CT lung cancer screening reduces mortality

A massive CT screening study of smokers and former smokers has concluded that annual CT screening detects curable cancers, while suggesting that survival rates improve markedly when the tumors are resected.

Dr. Claudia Henschke and colleagues from the Weill Medical College of Cornell University in New York City report the results of the International Early Lung Cancer Action Program (I-ELCAP) today in the New England Journal of Medicine.

The original ELCAP study found that 80% of those diagnosed with lung cancer in annual CT screening exams had stage I cancer, according to the authors. "The question remains, however, whether early intervention in such patients is sufficiently effective to justify screening large asymptomatic populations who are at risk for lung cancer," they wrote (NEJM, October 26, 2006, Vol. 355:17, pp. 1763-1771).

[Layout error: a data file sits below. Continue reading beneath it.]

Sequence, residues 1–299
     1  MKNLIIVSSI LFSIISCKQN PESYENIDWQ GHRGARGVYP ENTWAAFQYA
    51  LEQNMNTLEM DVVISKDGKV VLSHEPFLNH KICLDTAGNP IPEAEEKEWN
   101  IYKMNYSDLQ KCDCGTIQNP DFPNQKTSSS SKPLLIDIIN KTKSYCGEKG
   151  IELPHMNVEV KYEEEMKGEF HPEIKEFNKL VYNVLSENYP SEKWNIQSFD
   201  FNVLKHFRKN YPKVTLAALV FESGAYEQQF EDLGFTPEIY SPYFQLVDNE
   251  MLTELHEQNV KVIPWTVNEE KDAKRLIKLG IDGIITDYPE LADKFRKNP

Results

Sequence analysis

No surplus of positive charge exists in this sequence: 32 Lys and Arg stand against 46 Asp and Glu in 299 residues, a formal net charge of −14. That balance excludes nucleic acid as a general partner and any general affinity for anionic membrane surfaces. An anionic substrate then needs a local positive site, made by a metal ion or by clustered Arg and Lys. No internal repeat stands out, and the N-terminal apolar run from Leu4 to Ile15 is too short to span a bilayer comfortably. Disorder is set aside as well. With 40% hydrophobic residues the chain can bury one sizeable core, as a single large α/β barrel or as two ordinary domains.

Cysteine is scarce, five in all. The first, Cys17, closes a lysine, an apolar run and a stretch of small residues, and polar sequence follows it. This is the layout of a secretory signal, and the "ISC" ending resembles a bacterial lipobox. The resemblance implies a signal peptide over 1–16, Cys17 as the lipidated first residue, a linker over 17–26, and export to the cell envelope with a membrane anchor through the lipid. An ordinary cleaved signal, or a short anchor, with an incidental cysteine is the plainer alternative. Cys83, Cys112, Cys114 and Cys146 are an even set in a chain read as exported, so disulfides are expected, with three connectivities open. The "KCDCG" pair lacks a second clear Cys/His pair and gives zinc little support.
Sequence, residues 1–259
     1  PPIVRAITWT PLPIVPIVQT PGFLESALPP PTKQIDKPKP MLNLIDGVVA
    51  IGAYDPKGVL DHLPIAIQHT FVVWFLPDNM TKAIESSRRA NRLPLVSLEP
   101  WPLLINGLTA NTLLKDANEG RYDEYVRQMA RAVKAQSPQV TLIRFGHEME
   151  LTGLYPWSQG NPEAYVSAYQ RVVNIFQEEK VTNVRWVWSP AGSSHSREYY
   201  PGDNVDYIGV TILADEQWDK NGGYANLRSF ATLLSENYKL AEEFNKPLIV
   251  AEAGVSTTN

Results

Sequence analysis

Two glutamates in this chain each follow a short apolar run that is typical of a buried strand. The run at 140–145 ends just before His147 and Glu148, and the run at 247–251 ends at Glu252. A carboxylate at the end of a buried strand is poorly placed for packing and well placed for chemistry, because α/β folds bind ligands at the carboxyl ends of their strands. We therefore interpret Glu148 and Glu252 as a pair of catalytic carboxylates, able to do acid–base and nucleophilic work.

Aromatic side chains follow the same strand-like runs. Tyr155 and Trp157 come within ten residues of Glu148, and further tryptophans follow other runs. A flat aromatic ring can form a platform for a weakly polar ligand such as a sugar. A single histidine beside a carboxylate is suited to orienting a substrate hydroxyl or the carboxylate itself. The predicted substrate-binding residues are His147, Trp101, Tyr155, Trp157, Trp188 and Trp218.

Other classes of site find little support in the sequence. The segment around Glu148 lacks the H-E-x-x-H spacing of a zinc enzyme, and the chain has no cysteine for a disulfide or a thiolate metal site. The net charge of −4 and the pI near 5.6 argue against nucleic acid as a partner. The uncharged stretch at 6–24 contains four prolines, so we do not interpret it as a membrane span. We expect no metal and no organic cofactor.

To address this question, the large collaborative study screened and followed 31,567 asymptomatic individuals at risk for lung cancers between 1993 and 2005. Participants were examined at academic centers and community hospitals in Japan, Europe, Israel, and China. The population consisted mostly of smokers and former smokers (n = 26,139), along with people who had been exposed to secondhand smoke (n = 3,738), and a few in Japan who reported occupational exposure to substances such as asbestos and chemicals that increased their risk (n = 1,690).